Carolina Disappointment: North Carolina Sports Betting Bill Falls Short Despite a Late Surge

North Carolina Sports Betting » North Carolina Betting News » Carolina Disappointment: North Carolina Sports Betting Bill Falls Short Despite a Late Surge

In the 2022 session, the mobile sports betting effort in North Carolina started slow but picked up pace this week before abruptly losing momentum on Wednesday evening. This development was closely followed by enthusiasts of North Carolina sports betting, who have been eagerly anticipating the launch of North Carolina sports betting apps and the various North Carolina sports betting promos that could accompany them.

After passing through three committees within a 24-hour period, the North Carolina House held a highly debated hearing on two sports betting bills. Ultimately, Senate Bill 688, which aimed to establish mobile sports betting in North Carolina, was defeated by a vote of 51-50 during its second reading. A subsequent reconsideration vote of 59-44 to send it back to the Rules, Calendar, and Operations Committee was unsuccessful.

On Wednesday, the House progressed with companion bill SB 38 during its reading. However, without SB 688, the prospect of sports betting in North Carolina for 2022 has effectively come to an end.

SB 688 had previously passed through the Senate and its initial House committee in 2021. Prior to this week’s flurry of activity, the legislation had remained relatively inactive during the weeks of the current session despite initial optimism from supporters.

Opposition voices grew stronger in North Carolina as well. Despite an agreement among lawmakers and apparent momentum in the House, several lengthy speeches against the legislation were delivered on the House floor. Representative Larry Pittman, one of these opponents, went as far as to equate sports betting with monetizing human trafficking.

“Considering these two bills,” Pittman later asked on the floor, “what would Jesus think?” “He’s very clear. I’m inclined to support him.”

Representative Abe Jones expressed his dissatisfaction with the bill, citing the values instilled in him by his father. Jones also voiced concerns about issues such as prostitution and exploitation arising from sports betting.

Representative Pricey Harrison was particularly vocal during the discussion, repeatedly emphasizing that the matter was not beneficial for North Carolina. Representative Marcia Morey added that the legislation seemed hurried for an industry where consumers often lose money.

The past 24 hours have been quite eventful regarding sports betting in North Carolina. In addition to receiving votes on the House floor, both bills garnered three favorable committee votes within a span of less than a day. This week, Senator Michael Garrett mentioned to Fox 8 WGHP that sports betting formed part of broader negotiations between the NC House and Senate.

Senator Jim Perry, the sponsor of SB 688, stated in committees this week that input from both chambers and the governor’s office resulted in a new trailer bill, SB 38. This revised bill aims to increase the state’s impact.

On Wednesday, Representative Jason Saine stated on the House floor that both bills are aligned and would require the passage of both to receive Governor Roy Cooper’s signature. Cooper had previously expressed support for this legislation, in media statements.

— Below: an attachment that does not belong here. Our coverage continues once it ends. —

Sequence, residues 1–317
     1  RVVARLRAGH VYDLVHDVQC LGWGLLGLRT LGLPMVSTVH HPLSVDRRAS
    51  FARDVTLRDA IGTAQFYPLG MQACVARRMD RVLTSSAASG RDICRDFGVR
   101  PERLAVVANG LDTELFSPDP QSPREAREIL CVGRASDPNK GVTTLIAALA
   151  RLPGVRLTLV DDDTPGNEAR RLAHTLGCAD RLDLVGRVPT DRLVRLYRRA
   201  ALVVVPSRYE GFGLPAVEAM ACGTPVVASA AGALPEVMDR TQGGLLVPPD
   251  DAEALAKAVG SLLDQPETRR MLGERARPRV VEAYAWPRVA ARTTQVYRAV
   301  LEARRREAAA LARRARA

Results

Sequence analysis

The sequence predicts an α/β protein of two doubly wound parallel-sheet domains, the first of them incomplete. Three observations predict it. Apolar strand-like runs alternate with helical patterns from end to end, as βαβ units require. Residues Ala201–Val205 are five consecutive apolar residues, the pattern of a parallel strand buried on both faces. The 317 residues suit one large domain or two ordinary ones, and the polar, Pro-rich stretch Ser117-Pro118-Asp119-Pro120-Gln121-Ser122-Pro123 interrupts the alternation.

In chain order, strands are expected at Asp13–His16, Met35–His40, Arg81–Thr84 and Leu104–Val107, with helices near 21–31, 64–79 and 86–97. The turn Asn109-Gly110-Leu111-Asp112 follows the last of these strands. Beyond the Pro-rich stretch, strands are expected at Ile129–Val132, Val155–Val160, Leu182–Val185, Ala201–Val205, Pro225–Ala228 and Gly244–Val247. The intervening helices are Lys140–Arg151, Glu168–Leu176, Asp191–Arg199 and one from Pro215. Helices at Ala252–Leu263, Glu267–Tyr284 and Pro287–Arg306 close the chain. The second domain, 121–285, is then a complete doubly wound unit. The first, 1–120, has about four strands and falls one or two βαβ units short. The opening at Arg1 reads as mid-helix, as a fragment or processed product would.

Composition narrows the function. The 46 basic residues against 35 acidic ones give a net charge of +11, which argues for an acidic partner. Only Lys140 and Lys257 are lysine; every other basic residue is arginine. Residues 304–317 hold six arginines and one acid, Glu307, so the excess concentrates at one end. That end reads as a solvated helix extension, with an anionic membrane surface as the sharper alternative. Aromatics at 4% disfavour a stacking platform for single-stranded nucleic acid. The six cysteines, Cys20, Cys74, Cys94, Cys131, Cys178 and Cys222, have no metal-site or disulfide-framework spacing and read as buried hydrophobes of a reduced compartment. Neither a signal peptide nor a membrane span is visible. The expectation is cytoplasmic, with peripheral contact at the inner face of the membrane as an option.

The proposed NC sports betting plan outlined in SB 688 aimed to establish between 10 to 12 online sports betting licenses, potentially including major players like BetMGM North Carolina. The new law allows for the establishment of sports betting lounges at sports venues in North Carolina.

This week, lawmakers in North Carolina introduced a substitute bill, SB 38, which focuses on making changes to the aspects of the sports betting legislation.

One of the changes proposed by SB 38 is an increase in the tax rate on sports betting revenue from 8% (as stated in the original bill) to 14%. Additionally, it suggests raising the license fee for sports betting operators from $500,000 to $1 million.

Several amendments were made to SB 38 during discussions on the House floor. Most of these amendments were technical in nature. However, one significant amendment was adopted that prohibits betting on college sports within North Carolina. This restriction could potentially limit the revenue generated from sports betting in a state that has a passion for collegiate athletics.

In a session held by the House Finance Committee on Wednesday, sponsors of the bill introduced an amendment that modifies how funds generated from sports betting will be utilized. The amendment reduces the percentage of proceeds allocated to a Major Events, Games, and Attraction Fund from 50% to 30%. This adjustment ensures consistency with regards to tax rate increases.

Additionally, as part of this amendment, 10% of funds will be distributed to Historically Black Colleges and Universities (HBCUs) in North Carolina, along with University of North Carolina at Asheville and UNC at Pembroke. Lawmakers also decided to shorten the sunset period for credits mentioned in the bill from five years to three years.

The sports betting scene in North Carolina revolves around two Harrah’s casinos, which are owned by tribes and offer Caesars Sportsbooks. Interestingly, North Carolina shares borders with two states, Tennessee and Virginia, where sports betting is legal.

Unfortunately, residents of North Carolina will have to wait a bit longer before they can enjoy mobile sports betting, a development eagerly anticipated by many who are looking forward to accessing a variety of betting platforms, including BetMGM North Carolina, and taking advantage of the diverse promos these platforms offer.

✅ Fact Checked on January 27, 2024 by Ken Weaver